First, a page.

Featured Stories

Other Pamplin Media Group sites

We salute those who deliver your paper ....<BR>&nbsp;&nbsp;&nbsp;<

web five
The library is open Sunday
   In a time when we read about business and government cutting back on services, it was heartening to read that the Crook County Library has expanded services by opening on Sunday. Now you can use all the reference materials, check out books, videos and audio tapes, browse the magazines or surf the Internet on Sunday afternoons from 1 to 5 p.m. The other library hours are Monday through Wednesday 9 a.m. to 8 p.m., Thursday through Friday 9 a.m. to 6 p.m. and Saturday 10 a.m. to 4 p.m.
   We salute our carriers
   The newspaper business is strange. We hire professionals to write the stories and sell the ads that go into the newspaper. Another highly trained group puts the paper together using hundreds of thousand of dollars worth of computers, cameras, processors, scanners and an Imagesetter. Next another team of skilled printers print the newspaper on a half million dollar press before the mail room staff puts in the inserts and bundles the papers. Finally we leave the bundles of newspapers outside the back door, or deliver them to the homes of boys and girls, who aren't even old enough to drive, so they can deliver the Central Oregonian to your home or business.
   The newspaper business is strange. We spend hundreds of hours writing, assembling and printing our products and we trust about 40 children from age 9 to 15 (along with a half-a-dozen adult motor route drivers) to take it the final leg to your door. What is even more interesting is that none of these carriers actually work for the Central Oregonian. They are all self-employed independent contractors.
   The process of having children deliver our product is both scary and exciting. It's scary because if this group doesn't get the job done we hear from you, and generally you're not happy. But at the same time the concept of a 10 year old having his or her own business is extremely exciting to see. These kids are remarkably responsible. Most of them come home from school three days a week to deliver the Central Oregonian and our shopper (X-TRA, which is delivered to non-subscribers on Wednesday). They carry heavy bags filled with newspapers to make the deliveries in the heat, the rain, the wind and the snow. And on the nice days, they would probably rather be playing with their friends.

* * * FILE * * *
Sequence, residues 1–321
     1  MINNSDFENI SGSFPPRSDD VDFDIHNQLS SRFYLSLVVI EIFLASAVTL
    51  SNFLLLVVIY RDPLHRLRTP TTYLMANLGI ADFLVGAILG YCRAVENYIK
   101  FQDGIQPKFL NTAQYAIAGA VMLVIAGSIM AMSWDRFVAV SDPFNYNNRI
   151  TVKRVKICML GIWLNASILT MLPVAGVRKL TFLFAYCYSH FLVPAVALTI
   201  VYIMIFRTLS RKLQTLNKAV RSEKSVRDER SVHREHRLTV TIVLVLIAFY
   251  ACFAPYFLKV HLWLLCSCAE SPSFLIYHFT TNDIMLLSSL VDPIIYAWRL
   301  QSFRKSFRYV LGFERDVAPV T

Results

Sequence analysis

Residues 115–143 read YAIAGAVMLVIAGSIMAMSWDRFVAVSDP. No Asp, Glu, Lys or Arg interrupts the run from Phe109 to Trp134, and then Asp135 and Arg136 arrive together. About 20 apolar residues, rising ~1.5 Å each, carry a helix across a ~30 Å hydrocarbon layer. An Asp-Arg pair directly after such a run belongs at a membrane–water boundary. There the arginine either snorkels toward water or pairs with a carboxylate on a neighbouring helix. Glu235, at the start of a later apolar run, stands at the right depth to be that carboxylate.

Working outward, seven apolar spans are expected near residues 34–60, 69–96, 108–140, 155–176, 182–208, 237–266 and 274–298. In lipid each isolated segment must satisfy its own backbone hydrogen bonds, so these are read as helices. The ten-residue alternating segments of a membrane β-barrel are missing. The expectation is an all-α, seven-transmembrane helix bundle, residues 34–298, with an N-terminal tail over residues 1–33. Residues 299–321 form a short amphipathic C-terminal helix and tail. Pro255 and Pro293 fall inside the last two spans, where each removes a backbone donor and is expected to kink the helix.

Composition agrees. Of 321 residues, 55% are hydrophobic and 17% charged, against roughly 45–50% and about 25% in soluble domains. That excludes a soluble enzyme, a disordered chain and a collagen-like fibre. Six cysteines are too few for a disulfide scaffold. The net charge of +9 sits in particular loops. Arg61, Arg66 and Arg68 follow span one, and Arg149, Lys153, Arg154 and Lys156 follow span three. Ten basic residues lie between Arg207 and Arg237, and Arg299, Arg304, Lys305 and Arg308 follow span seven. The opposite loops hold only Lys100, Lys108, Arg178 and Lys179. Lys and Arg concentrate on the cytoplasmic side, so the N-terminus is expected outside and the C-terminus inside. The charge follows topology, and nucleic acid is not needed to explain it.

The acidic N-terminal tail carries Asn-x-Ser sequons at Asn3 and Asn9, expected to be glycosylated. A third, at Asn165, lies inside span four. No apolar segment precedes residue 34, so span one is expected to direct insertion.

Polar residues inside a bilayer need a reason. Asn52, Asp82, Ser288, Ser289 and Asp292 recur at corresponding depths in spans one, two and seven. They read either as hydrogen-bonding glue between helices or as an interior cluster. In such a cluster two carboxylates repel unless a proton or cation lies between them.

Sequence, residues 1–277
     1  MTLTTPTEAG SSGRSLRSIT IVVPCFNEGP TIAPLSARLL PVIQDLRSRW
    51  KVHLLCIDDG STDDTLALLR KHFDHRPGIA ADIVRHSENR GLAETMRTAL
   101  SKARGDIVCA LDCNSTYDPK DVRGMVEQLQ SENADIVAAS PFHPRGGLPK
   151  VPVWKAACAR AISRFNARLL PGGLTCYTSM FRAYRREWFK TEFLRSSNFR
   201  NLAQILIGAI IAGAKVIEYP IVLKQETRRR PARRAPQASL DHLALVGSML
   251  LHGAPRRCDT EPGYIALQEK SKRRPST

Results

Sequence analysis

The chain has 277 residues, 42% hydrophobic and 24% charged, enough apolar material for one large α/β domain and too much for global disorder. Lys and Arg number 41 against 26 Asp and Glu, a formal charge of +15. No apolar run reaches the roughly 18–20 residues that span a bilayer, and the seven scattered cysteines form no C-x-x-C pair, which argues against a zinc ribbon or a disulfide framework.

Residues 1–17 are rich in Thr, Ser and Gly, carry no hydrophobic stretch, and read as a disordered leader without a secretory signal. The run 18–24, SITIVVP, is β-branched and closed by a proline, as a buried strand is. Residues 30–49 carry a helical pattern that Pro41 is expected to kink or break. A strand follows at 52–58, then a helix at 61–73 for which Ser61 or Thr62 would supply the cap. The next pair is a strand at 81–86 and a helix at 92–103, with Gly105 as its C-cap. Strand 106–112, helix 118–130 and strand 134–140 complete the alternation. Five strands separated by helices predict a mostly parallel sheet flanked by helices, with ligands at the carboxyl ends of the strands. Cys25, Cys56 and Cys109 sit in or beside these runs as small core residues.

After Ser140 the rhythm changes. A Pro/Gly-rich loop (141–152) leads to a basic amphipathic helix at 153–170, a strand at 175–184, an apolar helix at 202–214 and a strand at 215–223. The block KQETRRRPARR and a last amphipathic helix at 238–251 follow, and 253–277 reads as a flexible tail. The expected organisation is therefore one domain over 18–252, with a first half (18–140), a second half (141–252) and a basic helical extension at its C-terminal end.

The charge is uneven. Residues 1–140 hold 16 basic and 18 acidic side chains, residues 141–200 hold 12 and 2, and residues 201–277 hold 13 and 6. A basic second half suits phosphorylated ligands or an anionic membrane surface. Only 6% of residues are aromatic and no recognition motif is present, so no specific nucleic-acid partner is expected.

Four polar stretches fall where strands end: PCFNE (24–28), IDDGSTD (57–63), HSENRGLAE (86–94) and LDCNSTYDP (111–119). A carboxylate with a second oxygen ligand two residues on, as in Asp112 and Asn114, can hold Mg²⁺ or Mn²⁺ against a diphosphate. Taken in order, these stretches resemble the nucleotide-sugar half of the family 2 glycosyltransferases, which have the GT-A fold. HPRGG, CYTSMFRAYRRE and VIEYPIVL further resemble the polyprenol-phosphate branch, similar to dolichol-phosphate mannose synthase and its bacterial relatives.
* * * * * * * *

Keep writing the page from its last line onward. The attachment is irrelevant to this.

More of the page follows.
While we expect the adult motor route drivers to be responsible and professional with their job, I always marvel at the 10 year old who takes his or her job just as seriously. They load the papers into their canvas bag and by walking, riding a bike or in a car with the help of a parent they get the job done with only an occasional missed delivery.
   On occasion I've delivered a route myself when something happen to one of the carriers. Even using a car, I was amazed how difficult it is to find all the addresses and get that paper in the locations our subscribers specify. As a result, I have a great respect for the effort our carriers put into getting our paper to our subscribers.
   National Newspaper Carrier Day is Saturday, October 13 and I salute these boys and girls, along with the adults who deliver each issue of the Central Oregonian. The children have taken on what has become an American tradition - the paper route. We should all be proud of their efforts to take on this responsibility at such a young age. I also commend and thank the parents for raising such mature and responsible citizens.
   National Newspaper Week
   This is an era of instant communications. The gee whiz technology of today allows us to watch tragedy, war and history happening in real time before our eyes. Nearly half of us carry phones with us everywhere we go so we can report the mundane to our friends and family. We can look up information on nearly anything instantly on the Internet. It is a remarkable time.
   But even with all this electronic equipment we still depend on our local newspaper to keep us informed about what is happening in our own community and neighborhoods.
   This week is National Newspaper Week, as proclaimed by President Bush. While it may just seem like another self-serving proclamation celebrating an interest group, the newspaper is a working representation of the most basic freedom set forth by our founding fathers - the first amendment.
   Amendment I
   Congress shall make no law respecting an establishment of religion, or prohibiting the free exercise thereof; or abridging the freedom of speech, or of the press; or the right of the people peaceably to assemble, and to petition the Government for a redress of grievances.
   Newspapers are an integral part of our daily life because no other media comes even close to reporting on your community to the depth and breath your local newspaper does. We are proud to be a small part of the national community of newspapers, which includes more than 6600 weekly newspapers and nearly 1500 daily papers with a combined circulation of more than 100 million.
   In the process of doing our job we may make you smile or we may make you angry, but hopefully we will inform you. Thank you for being one our readers.